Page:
The old “New Life Starts Today” post


All of us have had this day, some of us (cough me cough) too many times to count on all of the digits of people who have ever visited our home.

So, why is today any different? Because,  it’s also time for me to lose a lot of emotional weight, too. I’ve been carrying anger, frustration, hurt, and basically every dead weight emotion I can think of for far too long. 

I can’t promise I’ll be able to release it all easily, but I’ll start actively trying. And as I let go of negative, I want to embrace positive, even if it feels like it’s going to kill me some mornings.

So, here’s to action, positive steps, and letting light fill my soul instead of cowering in dark corners…. and to taking a picture a day, no matter how I feel, of myself. It won’t always be of my stomach, but it will be a visual report of my self-love progressions.

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Review of “The Good Divorce”

The Good Divorce was in my library from the days obtaining my Bachelor’s with a minor in critical family issues, at a time when I was sure that my fiance and I were destined to be together, forever. Now, nearly 12 years later, and I am in the midst of a divorce, with two children party to the split. Time to re-read it.

It was helpful, if for no other fact that it works hard to get the stigma of the “D” word out of the reader’s mind. Divorce, like other words, happens. Let’s learn how to deal with it.  I want my kids to be strong and smart, and I want them to know they are not at fault for the divorce.  I want to be a part of their lives, and I respect that he is a good father, who also deserves time with them.

The fact was, I was unhappy, and I had been for many years in my marriage. I held on for far too long to the idea that I should live happily ever after, and I cried myself to sleep, silently, more often than not in the dark days of my marriage. Finally, I stepped up and asked for a separation, hoping that I would be able to recognize why I had fallen in love with this man, if I no longer had to live with him.

The fact of this matter is, I did not.

That didn’t help at all when he asked to split the finances and pushed to see a mediator rather than a counselor.  So, I found a lawyer who said mediation was the best way to go, and I went.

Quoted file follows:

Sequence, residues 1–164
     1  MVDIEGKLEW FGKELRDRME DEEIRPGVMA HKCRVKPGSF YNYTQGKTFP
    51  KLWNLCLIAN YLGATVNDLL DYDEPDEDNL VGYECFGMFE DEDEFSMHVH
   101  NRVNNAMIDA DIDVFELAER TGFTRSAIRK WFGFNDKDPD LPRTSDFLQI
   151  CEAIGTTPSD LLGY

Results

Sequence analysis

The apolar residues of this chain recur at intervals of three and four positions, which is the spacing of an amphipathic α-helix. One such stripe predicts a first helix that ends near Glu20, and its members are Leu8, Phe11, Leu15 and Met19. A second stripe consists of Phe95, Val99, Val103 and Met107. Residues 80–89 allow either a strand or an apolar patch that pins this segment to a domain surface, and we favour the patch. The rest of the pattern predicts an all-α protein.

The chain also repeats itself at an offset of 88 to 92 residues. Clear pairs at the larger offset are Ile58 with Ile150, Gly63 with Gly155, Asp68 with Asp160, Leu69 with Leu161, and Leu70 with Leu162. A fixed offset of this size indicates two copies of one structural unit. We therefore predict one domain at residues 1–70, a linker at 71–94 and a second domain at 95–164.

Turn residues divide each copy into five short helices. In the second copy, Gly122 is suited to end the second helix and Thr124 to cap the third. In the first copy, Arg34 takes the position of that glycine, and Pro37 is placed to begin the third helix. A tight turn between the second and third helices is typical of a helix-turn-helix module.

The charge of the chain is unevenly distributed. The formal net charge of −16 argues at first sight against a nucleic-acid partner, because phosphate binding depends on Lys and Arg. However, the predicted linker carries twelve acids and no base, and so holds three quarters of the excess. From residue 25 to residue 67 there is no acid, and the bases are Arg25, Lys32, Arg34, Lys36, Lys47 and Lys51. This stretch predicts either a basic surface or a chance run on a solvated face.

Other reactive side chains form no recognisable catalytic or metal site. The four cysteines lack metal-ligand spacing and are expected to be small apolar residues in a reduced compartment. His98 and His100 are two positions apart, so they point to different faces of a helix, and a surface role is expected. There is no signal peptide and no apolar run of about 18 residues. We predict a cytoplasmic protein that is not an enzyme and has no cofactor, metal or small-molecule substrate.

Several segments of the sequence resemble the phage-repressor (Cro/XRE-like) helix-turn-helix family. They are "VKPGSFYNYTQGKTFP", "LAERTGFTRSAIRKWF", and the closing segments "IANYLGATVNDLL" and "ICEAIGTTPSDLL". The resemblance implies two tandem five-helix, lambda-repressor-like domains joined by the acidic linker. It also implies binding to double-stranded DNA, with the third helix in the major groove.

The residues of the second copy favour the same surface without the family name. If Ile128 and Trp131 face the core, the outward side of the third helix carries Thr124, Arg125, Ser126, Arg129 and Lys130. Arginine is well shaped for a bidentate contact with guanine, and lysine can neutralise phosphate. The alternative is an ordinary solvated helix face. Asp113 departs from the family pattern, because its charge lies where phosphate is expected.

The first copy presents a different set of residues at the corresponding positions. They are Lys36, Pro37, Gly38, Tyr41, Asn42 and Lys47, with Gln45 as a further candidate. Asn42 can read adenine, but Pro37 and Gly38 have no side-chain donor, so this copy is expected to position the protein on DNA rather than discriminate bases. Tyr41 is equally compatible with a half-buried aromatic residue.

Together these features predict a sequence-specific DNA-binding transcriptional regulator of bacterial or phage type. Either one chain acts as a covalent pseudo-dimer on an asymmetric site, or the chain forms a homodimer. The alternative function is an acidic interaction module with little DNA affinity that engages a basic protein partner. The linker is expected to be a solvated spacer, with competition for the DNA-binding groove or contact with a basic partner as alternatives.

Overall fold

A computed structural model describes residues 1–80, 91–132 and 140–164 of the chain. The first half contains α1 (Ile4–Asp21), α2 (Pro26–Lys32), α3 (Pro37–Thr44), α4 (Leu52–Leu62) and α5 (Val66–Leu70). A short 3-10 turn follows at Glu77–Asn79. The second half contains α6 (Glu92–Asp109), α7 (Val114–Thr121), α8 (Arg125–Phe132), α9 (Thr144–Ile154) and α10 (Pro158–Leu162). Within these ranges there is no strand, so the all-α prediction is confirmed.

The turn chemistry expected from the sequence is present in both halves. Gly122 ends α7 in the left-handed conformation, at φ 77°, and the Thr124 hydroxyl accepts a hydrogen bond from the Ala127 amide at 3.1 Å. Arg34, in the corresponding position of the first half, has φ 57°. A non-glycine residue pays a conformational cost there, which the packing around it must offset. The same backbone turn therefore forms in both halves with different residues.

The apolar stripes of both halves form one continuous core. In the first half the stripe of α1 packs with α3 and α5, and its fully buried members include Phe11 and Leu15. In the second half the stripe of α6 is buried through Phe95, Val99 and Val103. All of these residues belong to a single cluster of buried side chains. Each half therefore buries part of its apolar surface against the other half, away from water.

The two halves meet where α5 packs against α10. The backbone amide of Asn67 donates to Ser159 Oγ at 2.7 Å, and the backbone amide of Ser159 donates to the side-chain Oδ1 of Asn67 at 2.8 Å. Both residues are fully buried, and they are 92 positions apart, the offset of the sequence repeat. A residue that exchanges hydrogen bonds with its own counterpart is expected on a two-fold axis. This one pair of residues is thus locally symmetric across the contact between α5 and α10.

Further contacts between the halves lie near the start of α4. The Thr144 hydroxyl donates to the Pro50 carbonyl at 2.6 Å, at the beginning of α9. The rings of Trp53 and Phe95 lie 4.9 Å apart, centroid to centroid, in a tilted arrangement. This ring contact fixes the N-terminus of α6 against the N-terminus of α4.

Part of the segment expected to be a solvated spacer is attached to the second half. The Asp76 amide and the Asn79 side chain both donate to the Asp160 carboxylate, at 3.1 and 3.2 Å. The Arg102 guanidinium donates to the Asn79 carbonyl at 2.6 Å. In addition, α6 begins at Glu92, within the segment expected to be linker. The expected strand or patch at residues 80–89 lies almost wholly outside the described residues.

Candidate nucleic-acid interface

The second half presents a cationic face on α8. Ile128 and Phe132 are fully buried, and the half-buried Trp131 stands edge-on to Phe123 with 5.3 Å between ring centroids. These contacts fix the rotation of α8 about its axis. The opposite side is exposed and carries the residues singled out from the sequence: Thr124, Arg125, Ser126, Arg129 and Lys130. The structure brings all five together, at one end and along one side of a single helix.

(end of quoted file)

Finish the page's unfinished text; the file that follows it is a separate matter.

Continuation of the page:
Most of the time, I am able to see that the arrangements we made are for the best.  Other times, I hate it.  So says the book, this is normal.

So, to push forward with the following recap of the book (taken from the final chapter):

1 – I may no longer be a part of a nuclear family with my children and their father, but a bi-nuclear family can and should be defined.

     An all out war is nothing but destructive.

     Compromise is necessary

     Stay in charge of the divorce and my emotions surrounding it.

     Define and regulate what my new family means.

2 – Minimize the potential negative effects for my children.

     Give them time to adjust.

     Accept that they have the right to both parents.

     Cooperate, if only for the needs of the children.

    Establish a new limited partnership with my ex.

    Accept that my children’s family will include non-biological kin.

3 – Integrate the divorce into my life in a healthy way.

     Remember the whole of the old relationship, both good and bad.

     Accept inevitable ambiguities.

     Face my losses without drowning in pain.

     Forgive myself and my ex.

     Let go of the anger.

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What is marriage

Kamela Dolnova wrote an article about what marriage means  in today’s world, and how it is necessary to define this for yourself.

Given that at this point in time, it feels as though my marriage is in for a redefinition, I need to take the time to work on these definitions for myself.

So, here goes.

Marriage is: